‘Social’ issues of our time
Conversations about Pornography
Increasingly, our Pastoral Care Team is dealing with the negative impact pornography is having on our young people. While none of the following information is sourced from Christian organisations, we offer it as potential material to assist parents to have conversations with their children on what is a very challenging topic. The initial paragraph, from a Herald Article, leads onto information about Netsafe, Keep it Real Online and a recently released documentary ‘Our Kids Online-Porn, Predators and How to Keep Them Safe’ produced by parents Rob Cope and Zareen Sheikh-Cope as a result of wanting to protect their own children. All websites are referenced as endnotes for easy access.
[i]One quarter [of our children] see porn before age 12. And it’s a world where, at the tap of a screen or click of a mouse, kids can find themselves in places where predators, sometimes posing as other children, may be lurking under the invisibility cloak of the internet. It’s also a world that’s on the radar of authorities, and there have been moves to keep kids safe online – among the most recent the six-week, $1.5 million advertising campaign [ii]Keep It Real Online. The Film Censor’s Office, Police, Internal Affairs, Ministry of Education and Network for Learning collaborated with [iii]Netsafe to put advice, including pornography and online grooming, on one site.
Any doubt of its need is promptly put to rest with a flick through the findings of a 2018 survey of 2000 Kiwi teens on how and why they view online porn. The Office of Film and Literature Classification research project found more than two-thirds of the 14- to 17-year-olds surveyed had been exposed to porn, a quarter before they turned 12. But the survey also found 71 per cent of those surveyed by the Office of Film and Literature Classification weren’t seeking out porn when they first saw it. Two-thirds hadn’t talked to a parent or caregiver about porn.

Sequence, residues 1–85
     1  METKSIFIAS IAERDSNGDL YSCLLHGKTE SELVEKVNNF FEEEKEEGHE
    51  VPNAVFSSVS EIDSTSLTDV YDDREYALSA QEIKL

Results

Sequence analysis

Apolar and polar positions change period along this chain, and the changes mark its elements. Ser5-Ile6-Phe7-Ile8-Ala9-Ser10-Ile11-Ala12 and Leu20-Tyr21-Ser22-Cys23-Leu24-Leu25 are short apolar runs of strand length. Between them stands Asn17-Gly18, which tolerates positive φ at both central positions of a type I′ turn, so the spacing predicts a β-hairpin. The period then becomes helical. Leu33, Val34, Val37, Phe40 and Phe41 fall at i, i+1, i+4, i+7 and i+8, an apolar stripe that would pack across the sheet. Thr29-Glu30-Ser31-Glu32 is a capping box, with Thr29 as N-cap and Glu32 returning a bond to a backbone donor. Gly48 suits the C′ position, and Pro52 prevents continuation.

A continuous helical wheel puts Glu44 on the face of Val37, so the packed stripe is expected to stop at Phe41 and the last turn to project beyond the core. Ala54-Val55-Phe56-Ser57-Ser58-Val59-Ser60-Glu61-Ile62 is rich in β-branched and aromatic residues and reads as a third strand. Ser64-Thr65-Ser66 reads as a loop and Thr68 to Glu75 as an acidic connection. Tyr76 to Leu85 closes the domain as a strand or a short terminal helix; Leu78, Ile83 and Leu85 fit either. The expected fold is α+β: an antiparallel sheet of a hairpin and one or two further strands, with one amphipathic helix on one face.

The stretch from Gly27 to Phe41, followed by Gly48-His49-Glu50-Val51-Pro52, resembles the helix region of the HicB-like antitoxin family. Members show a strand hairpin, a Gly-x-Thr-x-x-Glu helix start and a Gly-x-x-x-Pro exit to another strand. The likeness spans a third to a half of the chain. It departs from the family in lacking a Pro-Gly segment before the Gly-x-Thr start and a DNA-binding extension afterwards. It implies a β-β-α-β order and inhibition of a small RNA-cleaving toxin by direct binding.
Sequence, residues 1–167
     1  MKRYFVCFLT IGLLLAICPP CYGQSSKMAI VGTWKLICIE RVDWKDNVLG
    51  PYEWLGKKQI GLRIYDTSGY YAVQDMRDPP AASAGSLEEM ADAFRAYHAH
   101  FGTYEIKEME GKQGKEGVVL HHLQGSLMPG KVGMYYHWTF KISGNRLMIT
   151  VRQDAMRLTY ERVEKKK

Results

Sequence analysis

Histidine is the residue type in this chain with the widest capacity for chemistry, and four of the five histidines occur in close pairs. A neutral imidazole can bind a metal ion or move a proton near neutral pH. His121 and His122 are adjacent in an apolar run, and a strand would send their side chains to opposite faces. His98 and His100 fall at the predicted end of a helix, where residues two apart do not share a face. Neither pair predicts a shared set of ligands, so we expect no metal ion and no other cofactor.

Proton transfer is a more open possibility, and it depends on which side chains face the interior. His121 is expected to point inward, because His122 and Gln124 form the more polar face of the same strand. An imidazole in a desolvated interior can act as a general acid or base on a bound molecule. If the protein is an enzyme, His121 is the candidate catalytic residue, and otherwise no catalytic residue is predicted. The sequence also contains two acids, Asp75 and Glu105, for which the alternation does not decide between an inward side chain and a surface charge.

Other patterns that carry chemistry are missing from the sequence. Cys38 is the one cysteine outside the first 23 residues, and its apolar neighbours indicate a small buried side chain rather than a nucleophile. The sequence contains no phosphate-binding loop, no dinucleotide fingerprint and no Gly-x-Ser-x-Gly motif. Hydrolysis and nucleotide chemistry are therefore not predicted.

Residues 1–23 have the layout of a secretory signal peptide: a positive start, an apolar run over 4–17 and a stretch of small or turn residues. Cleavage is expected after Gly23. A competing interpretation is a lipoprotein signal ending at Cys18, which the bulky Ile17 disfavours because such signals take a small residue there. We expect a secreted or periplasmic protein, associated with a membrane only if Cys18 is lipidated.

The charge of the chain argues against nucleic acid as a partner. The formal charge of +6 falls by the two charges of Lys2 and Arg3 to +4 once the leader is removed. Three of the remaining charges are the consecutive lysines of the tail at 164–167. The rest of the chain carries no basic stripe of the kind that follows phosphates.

Young people had also told them they wanted restrictions around what they could watch and have access to, Chief Censor David Shanks wrote in the report’s introduction. “Their overwhelming consensus is that porn is not for kids.” Judge Andrew Becroft, former Children’s Commissioner, says “We have totally underestimated the avalanche of porn freely available to our children, uncensored and unregulated in New Zealand homes day and night.”
Kiwi parents Rob Cope and Zareen Sheikh-Cope have made a [iv]documentary on what our children watch online. Before any device was placed in small hands, the couple decided to research what their children, now aged between 10 and 15, might be able to find. What they discovered – that children were being exposed to violent, hardcore porn, and many were engaging with online predators, horrified them, Sheikh-Cope says. “When we spoke to other parents more than 90 per cent didn’t have filters in place or weren’t aware there was an issue.” One of the biggest challenges for parents is accepting their children, given the chance, will watch porn – she had to overcome the same feelings of denial herself.
Staying Ahead in the Technology Battle
Encouraging Learning at Home
Findings from a study by Professor Iram Siraj published in the New Zealand Education Gazette 10 July 2017.
One particular finding in her longitudinal studies was that children were largely set on an achievement trajectory by the age of seven.
“In one large study, we started with a group of three year olds who all had different abilities and stages of development, but by the age of seven, we found they were largely set on a a particular trajectory – there were children achieving at the top, the middle and the bottom of the curve. Any improvement between the trajectories happened before the children turned seven.
Iram believes good-quality ECE is not dictated by the type of provider, but rather whether it strives to provide for both the social an emotional development, and the cognitive development of a child.
“But the important thing for the child is the process quality. This relates to things such as relationships and adult responsiveness. Most important of all is the ability to communicate with the child, because high-quality interactions that engage a child will extend their language and thinking.
- WITH GOD: Rev Joshua Taylor writes of the struggles and triumphs to maintain a strong connection amidst the busyness of family life. Read here.Used with permission
Helpful information to assist you in
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